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The impact of beneficial microbes on root architecture and metabolism of the model grass Brachypodium distachyon grown under non optimal temperatures

Martino Schilacci

I am in Jülich Forschungszentrum as visiting student from the University of Melbourne, enrolled in a joint PhD project with IBG-2. . My project, commenced January 2017, aims to understand how soil temperature influences the growth and metabolic interactions among roots and soil bacteria and fungi that colonize roots. My hypothesis is that soil temperature influences the root physiology differently to the microbiota physiology, resulting in different plant-biotic phenotypes depending on temperature.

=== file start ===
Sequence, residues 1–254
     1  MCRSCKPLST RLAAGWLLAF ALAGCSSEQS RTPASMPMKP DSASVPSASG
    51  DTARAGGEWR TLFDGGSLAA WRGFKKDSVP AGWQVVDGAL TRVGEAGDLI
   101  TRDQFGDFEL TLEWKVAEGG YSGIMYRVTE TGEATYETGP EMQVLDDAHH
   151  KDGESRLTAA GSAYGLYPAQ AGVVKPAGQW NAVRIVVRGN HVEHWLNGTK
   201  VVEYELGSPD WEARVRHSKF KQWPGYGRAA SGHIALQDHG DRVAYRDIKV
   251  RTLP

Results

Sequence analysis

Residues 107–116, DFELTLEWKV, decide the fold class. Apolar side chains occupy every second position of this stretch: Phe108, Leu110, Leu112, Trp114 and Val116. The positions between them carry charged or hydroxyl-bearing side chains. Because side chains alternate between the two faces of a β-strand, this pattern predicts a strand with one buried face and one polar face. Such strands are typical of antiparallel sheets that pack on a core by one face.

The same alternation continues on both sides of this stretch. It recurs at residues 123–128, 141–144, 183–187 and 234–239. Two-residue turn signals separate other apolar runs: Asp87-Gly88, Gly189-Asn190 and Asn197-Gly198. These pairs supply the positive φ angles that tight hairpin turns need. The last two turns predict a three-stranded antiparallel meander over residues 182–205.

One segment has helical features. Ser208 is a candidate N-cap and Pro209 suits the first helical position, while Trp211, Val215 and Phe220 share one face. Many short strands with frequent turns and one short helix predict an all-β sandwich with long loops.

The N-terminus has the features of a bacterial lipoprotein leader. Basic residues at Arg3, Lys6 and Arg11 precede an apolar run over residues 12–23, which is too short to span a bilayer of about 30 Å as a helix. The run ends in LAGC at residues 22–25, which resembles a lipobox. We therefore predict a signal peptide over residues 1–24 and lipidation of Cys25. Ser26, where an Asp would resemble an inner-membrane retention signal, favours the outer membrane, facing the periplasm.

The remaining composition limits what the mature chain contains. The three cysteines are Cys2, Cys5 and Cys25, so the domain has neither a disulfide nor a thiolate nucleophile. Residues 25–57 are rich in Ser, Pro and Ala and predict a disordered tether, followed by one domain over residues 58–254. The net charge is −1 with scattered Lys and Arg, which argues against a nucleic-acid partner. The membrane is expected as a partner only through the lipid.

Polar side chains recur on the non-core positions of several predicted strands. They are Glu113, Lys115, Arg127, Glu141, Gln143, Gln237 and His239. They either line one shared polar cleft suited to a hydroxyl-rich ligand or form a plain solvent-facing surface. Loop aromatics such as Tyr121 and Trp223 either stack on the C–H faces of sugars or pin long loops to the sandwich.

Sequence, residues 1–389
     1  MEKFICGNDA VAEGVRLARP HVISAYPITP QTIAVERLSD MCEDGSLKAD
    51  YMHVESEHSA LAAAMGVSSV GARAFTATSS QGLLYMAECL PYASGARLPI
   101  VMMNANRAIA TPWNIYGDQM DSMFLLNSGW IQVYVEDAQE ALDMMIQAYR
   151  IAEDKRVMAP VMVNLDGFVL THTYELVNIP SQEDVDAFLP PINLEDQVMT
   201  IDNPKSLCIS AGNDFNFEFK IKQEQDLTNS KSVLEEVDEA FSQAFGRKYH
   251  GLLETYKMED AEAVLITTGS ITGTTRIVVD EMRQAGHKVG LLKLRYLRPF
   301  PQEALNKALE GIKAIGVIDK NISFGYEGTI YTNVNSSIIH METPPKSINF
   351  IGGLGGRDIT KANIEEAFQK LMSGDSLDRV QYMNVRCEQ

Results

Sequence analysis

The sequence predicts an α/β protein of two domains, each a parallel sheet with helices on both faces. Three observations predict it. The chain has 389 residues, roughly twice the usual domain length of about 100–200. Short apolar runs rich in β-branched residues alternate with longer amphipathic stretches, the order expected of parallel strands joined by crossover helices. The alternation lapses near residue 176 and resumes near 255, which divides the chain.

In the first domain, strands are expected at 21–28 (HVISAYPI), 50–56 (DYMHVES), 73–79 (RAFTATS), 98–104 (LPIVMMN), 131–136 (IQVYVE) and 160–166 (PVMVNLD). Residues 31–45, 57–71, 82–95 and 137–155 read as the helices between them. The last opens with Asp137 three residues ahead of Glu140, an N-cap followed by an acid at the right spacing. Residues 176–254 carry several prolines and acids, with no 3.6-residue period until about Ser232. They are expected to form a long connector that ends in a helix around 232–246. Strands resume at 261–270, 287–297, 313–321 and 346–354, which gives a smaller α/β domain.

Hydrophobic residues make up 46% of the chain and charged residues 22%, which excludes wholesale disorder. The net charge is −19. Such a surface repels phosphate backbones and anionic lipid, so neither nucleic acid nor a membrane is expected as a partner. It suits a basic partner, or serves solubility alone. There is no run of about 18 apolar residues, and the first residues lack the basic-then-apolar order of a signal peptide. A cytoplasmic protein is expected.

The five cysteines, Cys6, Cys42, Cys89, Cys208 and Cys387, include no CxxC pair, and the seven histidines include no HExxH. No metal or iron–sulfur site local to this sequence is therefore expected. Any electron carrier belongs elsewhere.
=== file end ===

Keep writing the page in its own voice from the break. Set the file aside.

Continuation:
To test this hypothesis, I am using the grass model, Brachypodium distachyon. I will inoculate seedlings of Brachypodium with a putative beneficial bacterium or fungus in two separate sub-experiments, and grow the plants at hot or cold temperature regimes realistic to agronomic systems. The root samples will undergo phenotyping to test the relative influences of temperature on the growth and architectures of the roots, and “omics” analyses (transcriptomics, metabolomics and proteomics). My project has implications for predicting the influence of present day and future, projected air temperatures on cereal crop growth with and without interaction with soil microorganisms.